The story of a pioneer can humble a reader at the same time it allows him to swell with pride. Beset by difficulties beyond an average person's experience, as a pioneer often is - largely by definition, her story is usually one of reminding. The reminding of the reader to remember her smallness and to place in perspective the difficulties and experiences of his life.
For there were pioneers who made our petty troubles possible and whose sacrifices dwarf them. And it is the magic of the story of a heroic pioneer that can simultaneously inspire us, even in the face of our relative lack of achievement, because the raw humanity of our hero is so essentially shared by the reader that a kinship is undeniable. These are stories of power in the human experience, stories of characters who, mostly by accident, mostly unwillingly, become beacons of possibility, soaring towers of example.
Like John McCain.
No, I'm kidding. I'm talking about the other shape-shifter inhabiting my thoughts these recent weeks, the hero Calliope Stephanides of Jeffery Eugenides' Pulitzer Prize-winning novel, Middlesex. And please forgive the first paragraph. What I mean to say is: Calliope had it real bad, it wasn't her fault, but she survived. And sometimes it seems that all one must do to be a pioneer, to be a hero, is to simply survive.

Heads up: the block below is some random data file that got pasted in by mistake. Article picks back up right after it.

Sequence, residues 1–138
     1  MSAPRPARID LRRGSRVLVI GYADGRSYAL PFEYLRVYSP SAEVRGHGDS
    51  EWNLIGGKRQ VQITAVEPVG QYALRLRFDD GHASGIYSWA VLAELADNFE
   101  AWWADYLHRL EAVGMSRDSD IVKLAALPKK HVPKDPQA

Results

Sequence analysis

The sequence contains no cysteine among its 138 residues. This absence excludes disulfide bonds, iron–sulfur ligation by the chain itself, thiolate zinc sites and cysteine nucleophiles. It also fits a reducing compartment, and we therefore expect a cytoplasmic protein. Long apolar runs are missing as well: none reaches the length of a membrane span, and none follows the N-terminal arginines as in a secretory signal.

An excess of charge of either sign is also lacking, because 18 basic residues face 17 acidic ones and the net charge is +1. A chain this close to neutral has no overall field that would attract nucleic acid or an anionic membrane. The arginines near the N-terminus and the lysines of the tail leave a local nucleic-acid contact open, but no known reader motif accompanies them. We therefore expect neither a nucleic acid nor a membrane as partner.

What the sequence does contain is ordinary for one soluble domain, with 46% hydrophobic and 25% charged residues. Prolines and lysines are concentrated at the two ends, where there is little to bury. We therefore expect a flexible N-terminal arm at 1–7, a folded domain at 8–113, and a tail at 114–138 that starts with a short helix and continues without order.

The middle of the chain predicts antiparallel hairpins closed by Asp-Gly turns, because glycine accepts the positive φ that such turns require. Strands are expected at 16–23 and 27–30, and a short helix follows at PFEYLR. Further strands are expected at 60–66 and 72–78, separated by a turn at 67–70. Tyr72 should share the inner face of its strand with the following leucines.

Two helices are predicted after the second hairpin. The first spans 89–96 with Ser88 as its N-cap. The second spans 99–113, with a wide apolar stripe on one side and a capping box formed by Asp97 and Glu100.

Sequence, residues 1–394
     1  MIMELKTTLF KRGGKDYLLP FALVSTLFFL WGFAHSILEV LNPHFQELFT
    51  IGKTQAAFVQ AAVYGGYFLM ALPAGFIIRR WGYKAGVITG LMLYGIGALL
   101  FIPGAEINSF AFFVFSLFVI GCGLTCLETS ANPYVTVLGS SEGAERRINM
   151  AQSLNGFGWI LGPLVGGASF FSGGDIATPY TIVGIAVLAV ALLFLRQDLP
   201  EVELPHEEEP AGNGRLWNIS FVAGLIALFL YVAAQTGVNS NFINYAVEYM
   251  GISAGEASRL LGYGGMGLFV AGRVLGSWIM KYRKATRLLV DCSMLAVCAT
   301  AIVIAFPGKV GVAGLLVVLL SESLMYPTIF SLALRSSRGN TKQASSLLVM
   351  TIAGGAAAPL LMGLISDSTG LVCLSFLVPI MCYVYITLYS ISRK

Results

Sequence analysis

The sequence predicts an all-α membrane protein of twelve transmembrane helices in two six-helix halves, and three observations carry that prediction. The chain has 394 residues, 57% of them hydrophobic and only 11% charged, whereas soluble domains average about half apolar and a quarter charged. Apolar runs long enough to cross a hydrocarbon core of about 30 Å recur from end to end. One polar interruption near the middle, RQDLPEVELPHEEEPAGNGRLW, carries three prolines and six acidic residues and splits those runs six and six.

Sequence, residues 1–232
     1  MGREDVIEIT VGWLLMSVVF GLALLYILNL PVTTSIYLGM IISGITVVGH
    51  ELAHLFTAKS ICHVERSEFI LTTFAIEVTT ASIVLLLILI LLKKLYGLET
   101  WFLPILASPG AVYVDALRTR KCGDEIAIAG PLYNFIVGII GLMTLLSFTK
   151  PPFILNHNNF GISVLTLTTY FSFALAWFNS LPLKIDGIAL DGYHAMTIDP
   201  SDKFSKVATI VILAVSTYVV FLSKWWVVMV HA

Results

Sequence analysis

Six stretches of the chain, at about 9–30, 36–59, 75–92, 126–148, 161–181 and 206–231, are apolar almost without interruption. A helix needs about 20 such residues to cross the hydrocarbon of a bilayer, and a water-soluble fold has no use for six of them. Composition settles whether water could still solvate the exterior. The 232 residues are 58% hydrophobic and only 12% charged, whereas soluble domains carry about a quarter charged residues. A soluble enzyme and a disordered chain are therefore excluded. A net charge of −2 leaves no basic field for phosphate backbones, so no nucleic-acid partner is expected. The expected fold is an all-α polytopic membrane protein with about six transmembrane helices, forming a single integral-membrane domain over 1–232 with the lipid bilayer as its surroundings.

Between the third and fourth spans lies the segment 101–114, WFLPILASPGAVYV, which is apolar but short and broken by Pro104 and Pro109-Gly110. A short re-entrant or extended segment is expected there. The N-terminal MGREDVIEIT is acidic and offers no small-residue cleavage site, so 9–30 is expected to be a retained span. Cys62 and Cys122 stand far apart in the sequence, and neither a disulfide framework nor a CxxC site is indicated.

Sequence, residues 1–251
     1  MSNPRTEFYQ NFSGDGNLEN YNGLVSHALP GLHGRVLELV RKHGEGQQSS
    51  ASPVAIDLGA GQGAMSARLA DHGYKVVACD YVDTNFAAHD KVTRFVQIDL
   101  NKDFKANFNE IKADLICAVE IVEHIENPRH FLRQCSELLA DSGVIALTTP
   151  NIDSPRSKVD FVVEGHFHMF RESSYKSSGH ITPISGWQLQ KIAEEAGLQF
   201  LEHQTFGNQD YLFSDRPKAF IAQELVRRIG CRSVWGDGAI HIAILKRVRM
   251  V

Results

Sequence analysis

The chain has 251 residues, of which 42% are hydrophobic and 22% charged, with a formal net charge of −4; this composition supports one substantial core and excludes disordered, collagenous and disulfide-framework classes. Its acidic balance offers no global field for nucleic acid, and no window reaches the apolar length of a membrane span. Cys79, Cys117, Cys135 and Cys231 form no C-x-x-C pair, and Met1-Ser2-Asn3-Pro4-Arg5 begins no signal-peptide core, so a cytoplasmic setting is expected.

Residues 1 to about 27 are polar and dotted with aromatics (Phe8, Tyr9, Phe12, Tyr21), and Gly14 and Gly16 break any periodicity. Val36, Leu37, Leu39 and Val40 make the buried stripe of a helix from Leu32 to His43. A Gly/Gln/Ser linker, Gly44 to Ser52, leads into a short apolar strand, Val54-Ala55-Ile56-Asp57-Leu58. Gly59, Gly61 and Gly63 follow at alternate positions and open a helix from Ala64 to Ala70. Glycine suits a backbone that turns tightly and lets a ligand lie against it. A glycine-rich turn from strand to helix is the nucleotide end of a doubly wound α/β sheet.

I just finished, with some tear-action fighting to assert itself in my eyes, this moving book set in 20th-century Detroit. I wrote briefly a couple weeks ago about the heartstring-tugging that was going on as I read about familiar places in Detroit and longed for home. That emotional element of the narrative was strong for me for a while, but in time it gave way to my attachment to the characters. Eugenides portrays his cast tenderly, with a keen balance in each character.
For each the balance comes in a different form. For the Stephanides family's emigres, a balance between tradition and assimilation, secrecy and rebirth. For the 1st generation, a balance of love and pragmatism, of risk and security. For the city of Detroit at the center of the story: a failed balance between white and black, ignorance and revolution.
And of course for Cal, whose entire identity rested on a shaky fulcrum, whose scale tipped not to the right or left, but fell completely forward. A pioneer at 14, and a hero by accident.
The story is sad and wonderful right to the end (with a car chase!), and I highly recommend it.